MONROVIA, Montserrado – Mercy Corps’ Light Up Liberia program has graduated an additional 21 students following a four-month technical and vocational training in renewable energies.
Light Up Liberia is a European Union-funded project implemented by Mercy Corps to reduce poverty and improve stability and living conditions of the rural poor in Liberia. The project has provided training to young people and helped build the marketing capacity of solar retailers.
Members of the recent class are from the Tubman High Accelerated Vocational Training Program and formed the second edition of the program’s curriculum development component. More than 160 beneficiaries graduated from the program in June this year.
Speaking during the graduation, Mercy Corps’ acting country director Moeen Haider said the program had allowed institutions like the William V.S. Tubman High School, Brooker Washington Institute, Monrovia Vocational Training Institute, and Stella Maris Polytechnic Institute to use their facilities to offer solar energy courses.
Haider sees the participation of the institutions as a boost to the program, noting that staff from both Mercy Corps and the partner institutions have engaged in efforts to attract students to the training program between the last three to eight months. He noted that it was based on the commitment from the staff and institutions that the program was putting out another batch of trained solar technicians.
“Beyond this graduation, Mercy Corps plans to continue the partnership with the participating schools, but also with the desire and plan to extend it to the Ministry of Education,” he said. He also promised that beyond building the capacity of participants of the program, Mercy Corps also intends on working to provide them with employment opportunities.
He said the organization is at the same time seeking to establish a partnership with the Ministry of Education to expand the training into various universities, high schools, and technical vocational educational training institutions to teach basic and advanced solar photovoltaic courses.
“Mercy Corps is committed and welcomes onboard all renewable energy stakeholders to support the expansion of solar technology in Liberia,” he said.
Emmanuel Aziebor, Light Up Liberia’s program manager, recalled how the country’s energy infrastructure was destroyed during the years of the civil war. Aziebor said by 2014, only 9.1 percent of Liberians had access to electricity, even though it is essential for improving living conditions and stimulating markets for inclusive and sustainable economic development.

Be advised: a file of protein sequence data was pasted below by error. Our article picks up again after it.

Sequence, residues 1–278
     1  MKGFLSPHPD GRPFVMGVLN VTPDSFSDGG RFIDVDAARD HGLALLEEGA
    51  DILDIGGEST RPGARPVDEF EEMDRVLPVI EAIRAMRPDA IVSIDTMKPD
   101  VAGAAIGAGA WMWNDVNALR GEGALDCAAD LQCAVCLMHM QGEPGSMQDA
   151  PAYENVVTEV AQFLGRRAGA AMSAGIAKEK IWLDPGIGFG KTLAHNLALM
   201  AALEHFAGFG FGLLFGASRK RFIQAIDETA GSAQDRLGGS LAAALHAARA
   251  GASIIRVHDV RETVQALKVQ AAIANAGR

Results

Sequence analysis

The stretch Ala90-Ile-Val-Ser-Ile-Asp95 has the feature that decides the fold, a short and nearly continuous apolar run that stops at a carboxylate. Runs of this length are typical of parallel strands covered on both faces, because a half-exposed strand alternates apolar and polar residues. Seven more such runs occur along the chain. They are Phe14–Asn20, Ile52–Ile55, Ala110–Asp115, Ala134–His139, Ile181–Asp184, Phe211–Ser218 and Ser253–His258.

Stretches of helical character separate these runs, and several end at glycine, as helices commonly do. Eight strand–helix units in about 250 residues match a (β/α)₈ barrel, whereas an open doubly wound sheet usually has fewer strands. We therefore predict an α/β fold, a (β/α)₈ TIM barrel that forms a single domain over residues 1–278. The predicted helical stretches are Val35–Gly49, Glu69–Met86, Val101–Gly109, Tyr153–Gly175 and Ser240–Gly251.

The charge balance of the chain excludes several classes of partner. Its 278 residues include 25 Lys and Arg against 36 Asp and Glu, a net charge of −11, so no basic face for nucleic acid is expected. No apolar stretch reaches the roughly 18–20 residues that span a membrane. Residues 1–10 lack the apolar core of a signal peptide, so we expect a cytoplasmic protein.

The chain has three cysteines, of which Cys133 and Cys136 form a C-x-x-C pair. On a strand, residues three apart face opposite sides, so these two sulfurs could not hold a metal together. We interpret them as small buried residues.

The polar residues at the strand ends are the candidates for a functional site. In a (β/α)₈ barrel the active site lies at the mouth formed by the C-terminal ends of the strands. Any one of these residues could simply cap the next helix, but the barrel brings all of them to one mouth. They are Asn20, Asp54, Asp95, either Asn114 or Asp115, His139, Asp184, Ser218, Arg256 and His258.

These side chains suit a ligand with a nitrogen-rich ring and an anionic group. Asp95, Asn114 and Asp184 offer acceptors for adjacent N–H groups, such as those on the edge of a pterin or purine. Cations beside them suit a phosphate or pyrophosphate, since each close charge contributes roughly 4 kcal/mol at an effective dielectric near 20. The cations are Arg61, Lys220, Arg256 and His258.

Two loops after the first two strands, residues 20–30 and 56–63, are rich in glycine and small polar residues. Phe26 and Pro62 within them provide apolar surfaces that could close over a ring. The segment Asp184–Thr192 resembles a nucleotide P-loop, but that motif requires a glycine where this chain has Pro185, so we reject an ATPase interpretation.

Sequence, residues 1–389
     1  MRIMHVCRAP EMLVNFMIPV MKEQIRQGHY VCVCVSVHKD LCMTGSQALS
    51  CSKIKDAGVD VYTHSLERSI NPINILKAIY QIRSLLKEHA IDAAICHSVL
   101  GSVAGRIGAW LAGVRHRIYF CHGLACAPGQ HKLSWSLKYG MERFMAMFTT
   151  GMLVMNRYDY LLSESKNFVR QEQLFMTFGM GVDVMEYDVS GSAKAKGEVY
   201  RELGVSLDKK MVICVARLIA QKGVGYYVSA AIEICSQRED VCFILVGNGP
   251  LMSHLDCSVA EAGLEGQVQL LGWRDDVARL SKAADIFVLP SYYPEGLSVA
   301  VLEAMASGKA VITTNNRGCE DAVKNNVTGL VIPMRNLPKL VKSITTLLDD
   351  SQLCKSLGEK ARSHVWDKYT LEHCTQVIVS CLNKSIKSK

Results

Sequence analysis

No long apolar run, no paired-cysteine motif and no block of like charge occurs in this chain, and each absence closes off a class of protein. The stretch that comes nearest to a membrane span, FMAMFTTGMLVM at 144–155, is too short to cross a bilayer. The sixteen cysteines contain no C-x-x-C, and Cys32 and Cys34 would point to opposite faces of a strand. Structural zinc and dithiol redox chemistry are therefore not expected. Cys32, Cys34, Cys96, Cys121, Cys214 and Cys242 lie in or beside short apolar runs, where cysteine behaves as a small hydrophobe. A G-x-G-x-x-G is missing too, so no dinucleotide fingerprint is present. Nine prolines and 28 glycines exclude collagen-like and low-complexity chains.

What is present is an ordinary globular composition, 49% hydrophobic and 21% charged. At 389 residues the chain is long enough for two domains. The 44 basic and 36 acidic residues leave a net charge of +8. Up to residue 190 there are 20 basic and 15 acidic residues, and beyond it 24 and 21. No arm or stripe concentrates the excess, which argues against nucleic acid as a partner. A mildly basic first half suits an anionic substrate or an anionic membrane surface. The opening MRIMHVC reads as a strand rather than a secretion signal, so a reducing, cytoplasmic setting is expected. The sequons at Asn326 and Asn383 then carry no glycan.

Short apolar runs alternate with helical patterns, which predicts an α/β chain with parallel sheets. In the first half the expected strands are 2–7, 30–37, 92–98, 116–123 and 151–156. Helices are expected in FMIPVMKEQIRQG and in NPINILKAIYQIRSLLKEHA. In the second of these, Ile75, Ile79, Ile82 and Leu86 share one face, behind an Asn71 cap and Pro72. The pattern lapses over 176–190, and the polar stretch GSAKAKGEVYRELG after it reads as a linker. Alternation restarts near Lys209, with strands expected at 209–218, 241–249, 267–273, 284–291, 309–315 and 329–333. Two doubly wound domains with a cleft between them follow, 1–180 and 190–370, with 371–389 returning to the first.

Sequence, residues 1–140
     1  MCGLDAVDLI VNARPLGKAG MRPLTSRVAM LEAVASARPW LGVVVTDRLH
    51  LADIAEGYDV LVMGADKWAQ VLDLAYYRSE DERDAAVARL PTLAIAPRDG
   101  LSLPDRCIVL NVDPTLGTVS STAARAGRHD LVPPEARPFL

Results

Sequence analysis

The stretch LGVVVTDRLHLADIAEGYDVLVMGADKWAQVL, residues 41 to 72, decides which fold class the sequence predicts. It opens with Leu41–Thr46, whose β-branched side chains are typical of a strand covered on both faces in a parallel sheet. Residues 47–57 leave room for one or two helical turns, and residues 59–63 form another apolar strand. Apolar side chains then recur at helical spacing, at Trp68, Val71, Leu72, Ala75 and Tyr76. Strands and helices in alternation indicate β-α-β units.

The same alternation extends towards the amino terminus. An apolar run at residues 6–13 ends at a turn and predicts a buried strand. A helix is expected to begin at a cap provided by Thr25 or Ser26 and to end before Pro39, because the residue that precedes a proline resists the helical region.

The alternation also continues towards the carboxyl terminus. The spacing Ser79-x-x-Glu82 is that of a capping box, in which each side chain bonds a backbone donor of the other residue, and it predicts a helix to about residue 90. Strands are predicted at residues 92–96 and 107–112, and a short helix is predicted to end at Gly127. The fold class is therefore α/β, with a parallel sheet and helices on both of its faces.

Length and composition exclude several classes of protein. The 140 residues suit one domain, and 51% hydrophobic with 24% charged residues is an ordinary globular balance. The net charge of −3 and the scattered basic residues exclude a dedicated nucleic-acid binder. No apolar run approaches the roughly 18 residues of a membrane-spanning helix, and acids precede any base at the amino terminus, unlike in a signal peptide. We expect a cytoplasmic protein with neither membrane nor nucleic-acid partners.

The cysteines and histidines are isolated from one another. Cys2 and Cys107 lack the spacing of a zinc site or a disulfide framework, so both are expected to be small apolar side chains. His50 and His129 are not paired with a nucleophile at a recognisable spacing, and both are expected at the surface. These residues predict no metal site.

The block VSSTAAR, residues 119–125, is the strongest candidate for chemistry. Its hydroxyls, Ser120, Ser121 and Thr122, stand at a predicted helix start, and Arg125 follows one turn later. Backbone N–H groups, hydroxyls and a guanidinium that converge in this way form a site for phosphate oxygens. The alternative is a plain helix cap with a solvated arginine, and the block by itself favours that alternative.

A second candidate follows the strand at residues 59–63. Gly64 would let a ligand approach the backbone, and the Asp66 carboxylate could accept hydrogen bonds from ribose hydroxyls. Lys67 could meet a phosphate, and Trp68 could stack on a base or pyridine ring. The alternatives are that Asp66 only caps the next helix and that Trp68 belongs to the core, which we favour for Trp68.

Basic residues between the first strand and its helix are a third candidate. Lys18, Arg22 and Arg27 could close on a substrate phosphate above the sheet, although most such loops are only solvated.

He said the program also aimed to help the government achieve its goal of connecting at least 35 percent of rural populations to electricity by 2030.
“We are working to support that goal by increasing access to modern, affordable, sustainable and scalable energy services to over 25,000 rural poor in Liberia,” he said.
He added that the goal would be accomplished through a market-based mechanism. He also named commercial distributors as major partners that would ensure availability and increased access to improved lighting and cooking products in rural Liberia.
He said at the close of the project in March 2019, it is expected that at least 3,000 households in villages within Bong, Margibi, Grand Bass, Lofa, Nimba, and Montserrado would have access to some form of solar power. The program also targets increasing access to lighting and cooking products during that time.
Mercy Corps has installed four pico-grids, supported 20 renewable energy distributors, trained 160 persons in solar installation and maintenance, 18 community institutions, and 40 small businesses, Aziebor said. He added that the institution had also connected and distributed 4,100 solar products while at the same time reaching out to 68,936 people to create awareness. He also announced the establishment of the Liberia Energy Access Practitioners Network as part of achievements of the program.
A graduate of the program, Shadrach Vonleh, spoke on behalf of beneficiaries and expressed gratification for the knowledge acquired through the program, noting that he is now knowledgeable in the installation and maintenance of a solar system.
“Solar energy can be used to meet most of our energy demand,” he said. “This form of energy is durable and reliable, even though it incurs more cost for installation. But if compared with other sources of energy such as generator and others, it is cheaper in terms of usage.”
He promised that they would use their new skills to positively contribute to society: “Liberia cannot meet its energy demand in rural areas with affordable electricity when solar power is underestimated.”